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Leamington law firm Wright Hassall launches End Workplace Bullying campaign

16 October 2023
The Business Magazine article image for: Leamington law firm Wright Hassall launches End Workplace Bullying campaign
Tina Chander of Wright Hassall

Leamington law firm Wright Hassall is launching a campaign to end workplace bullying after the results of its survey found two in five people have experienced bulling or harassment at work.

The firm is launching its End Workplace Bullying campaign on October 25, calling for HR teams and workplaces to work together to end bullying and harassment in the office.

The day – which will become National Workplace Bullying and Harassment Awareness Day – will also see the company launch a free helpline offering employers and employees 30-minute advice around any query on bullying in the workplace until November 25.

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The campaign comes on the back of Wright Hassall conducting a national survey of 2,135 people which found almost half (45 per cent) believe that their workplace tolerates discriminatory banter at least some of the time, one-third more women experience bullying and/or harassment from a co-worker or supervisor than men, and 33 per cent of people wouldn't recommend a job at their organisation.

Worryingly, of those who experienced bullying, 62.5 per cent chose not to report it, with Wright Hassall finding the most common reason was that the person believed nothing would be done, closely followed by a “lack of confidence in the reporting process” and “a fear of retaliation.”

Tina Chander, Head of Employment Law at Wright Hassall, said she hoped the campaign would bring bullying and harassment to the surface by supporting employees experiencing a toxic work environment to speak out.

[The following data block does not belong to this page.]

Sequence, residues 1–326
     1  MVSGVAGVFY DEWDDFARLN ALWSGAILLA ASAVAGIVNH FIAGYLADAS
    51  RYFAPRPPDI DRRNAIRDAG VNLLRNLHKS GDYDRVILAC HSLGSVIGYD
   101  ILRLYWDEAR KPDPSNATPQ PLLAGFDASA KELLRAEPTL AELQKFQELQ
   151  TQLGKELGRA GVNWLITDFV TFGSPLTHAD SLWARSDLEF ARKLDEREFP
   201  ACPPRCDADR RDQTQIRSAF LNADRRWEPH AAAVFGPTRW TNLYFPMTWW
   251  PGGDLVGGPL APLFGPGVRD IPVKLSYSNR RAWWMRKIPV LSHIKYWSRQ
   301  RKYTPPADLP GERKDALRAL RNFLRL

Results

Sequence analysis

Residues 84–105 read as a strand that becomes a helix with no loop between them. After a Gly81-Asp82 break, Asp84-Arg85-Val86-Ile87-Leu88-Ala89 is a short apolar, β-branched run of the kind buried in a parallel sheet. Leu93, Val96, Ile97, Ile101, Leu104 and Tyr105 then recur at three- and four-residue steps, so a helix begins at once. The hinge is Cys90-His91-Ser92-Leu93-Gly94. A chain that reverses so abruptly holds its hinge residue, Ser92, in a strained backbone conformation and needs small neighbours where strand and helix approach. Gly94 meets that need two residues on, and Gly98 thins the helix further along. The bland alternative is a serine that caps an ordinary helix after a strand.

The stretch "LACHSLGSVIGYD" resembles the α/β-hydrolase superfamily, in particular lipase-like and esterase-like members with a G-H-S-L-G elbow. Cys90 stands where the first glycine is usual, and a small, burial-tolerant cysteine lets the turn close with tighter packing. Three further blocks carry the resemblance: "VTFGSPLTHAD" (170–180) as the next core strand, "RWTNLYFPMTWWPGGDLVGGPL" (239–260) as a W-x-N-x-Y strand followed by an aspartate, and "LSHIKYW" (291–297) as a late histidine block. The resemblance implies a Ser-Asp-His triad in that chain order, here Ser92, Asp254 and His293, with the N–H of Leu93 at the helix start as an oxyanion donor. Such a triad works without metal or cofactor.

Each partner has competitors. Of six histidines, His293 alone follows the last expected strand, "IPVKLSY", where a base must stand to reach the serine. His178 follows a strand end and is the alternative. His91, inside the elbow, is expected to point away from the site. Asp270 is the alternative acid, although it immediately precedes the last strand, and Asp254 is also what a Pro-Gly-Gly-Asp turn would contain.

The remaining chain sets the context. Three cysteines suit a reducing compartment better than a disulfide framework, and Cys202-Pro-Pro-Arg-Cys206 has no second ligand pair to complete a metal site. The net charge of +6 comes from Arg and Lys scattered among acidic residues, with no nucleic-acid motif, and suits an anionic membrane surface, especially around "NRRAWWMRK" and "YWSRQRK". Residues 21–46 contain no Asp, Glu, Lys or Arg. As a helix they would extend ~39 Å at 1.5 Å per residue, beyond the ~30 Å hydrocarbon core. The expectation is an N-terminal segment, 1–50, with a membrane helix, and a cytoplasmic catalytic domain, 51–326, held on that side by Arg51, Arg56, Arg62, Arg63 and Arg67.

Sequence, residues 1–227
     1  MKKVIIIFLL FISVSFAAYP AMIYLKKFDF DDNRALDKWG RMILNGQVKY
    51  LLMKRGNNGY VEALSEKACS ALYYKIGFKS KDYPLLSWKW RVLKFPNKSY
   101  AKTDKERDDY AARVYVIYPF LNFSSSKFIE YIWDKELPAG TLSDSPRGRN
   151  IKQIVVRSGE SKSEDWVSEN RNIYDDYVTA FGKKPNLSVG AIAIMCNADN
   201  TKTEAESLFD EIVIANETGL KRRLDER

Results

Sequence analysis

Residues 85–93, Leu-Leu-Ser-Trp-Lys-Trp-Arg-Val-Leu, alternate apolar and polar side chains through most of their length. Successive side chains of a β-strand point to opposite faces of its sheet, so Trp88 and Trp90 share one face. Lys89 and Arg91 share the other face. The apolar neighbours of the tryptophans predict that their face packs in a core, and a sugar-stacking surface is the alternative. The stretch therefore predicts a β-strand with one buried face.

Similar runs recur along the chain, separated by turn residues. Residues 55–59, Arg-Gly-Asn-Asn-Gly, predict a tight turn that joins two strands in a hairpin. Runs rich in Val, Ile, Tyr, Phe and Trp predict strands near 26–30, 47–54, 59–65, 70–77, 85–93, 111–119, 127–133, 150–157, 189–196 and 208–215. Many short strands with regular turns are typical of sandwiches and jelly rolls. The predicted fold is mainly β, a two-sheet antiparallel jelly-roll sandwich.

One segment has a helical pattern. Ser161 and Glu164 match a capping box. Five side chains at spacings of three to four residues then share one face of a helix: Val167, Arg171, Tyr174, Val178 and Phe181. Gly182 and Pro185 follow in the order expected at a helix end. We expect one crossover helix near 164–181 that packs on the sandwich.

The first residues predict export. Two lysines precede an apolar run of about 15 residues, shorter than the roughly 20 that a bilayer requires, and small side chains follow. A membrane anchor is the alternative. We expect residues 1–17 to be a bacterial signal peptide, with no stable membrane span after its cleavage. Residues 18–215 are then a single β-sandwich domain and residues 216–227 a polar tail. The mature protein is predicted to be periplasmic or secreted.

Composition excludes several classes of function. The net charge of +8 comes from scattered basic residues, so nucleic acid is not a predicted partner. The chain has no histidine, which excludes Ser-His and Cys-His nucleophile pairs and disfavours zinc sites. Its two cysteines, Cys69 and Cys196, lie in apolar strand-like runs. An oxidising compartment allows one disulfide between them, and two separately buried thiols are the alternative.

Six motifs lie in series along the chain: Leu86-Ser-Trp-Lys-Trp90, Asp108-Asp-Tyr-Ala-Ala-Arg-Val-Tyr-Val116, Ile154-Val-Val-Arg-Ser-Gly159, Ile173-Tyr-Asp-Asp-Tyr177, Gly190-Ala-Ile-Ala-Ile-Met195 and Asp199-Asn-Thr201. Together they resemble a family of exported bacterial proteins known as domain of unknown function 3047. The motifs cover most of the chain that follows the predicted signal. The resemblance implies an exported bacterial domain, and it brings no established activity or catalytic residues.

She said: “These findings are very worrying.

“HR teams across the UK must make their workplaces safer. Otherwise, they risk high levels of sickness absence, a stressed and anxious workforce, losing talent, gaining a bad reputation and even, in some cases, an employment tribunal, which can be costly in more than one way.

“Training is part of the solution. But organisations need to do more to cultivate a culture and have set processes that are widely understood if someone is experiencing bullying and/or harassment.

“With one in three people saying they wouldn’t recommend a job at their workplace, evidently something needs to be done to strike out unwanted and intolerant behaviour.”

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With October being one of the busiest times for workplace hiring, Wright Hassall is encouraging employers to join the conversation and look at ways they can educate and encourage employees about bullying and harassment in the workplace, whilst increasing support for those who experience it.

Tina added: “It’s not about shaming workplaces. It’s about shining the light on toxic behaviour and understanding that more can always be done to cultivate a better, safer workplace for all.”

Peter Davison is deputy editor of The Business Magazine. He has spent his life in journalism – doing work experience in newsrooms in and around Bristol while still at school, and landing his first job on a local newspaper aged 19. By 28 he was the youngest newspaper editor in the country.

An early advocate of online news, he spent the first years of the 2000s telling his bosses that the internet posed both the biggest opportunity and greatest threat to the newspaper industry and the art of journalism. He was right on both counts.

Since 2006 he has enjoyed a career as a freelance journalist. He lives in rural Wiltshire with one wife, two children, and three cats.

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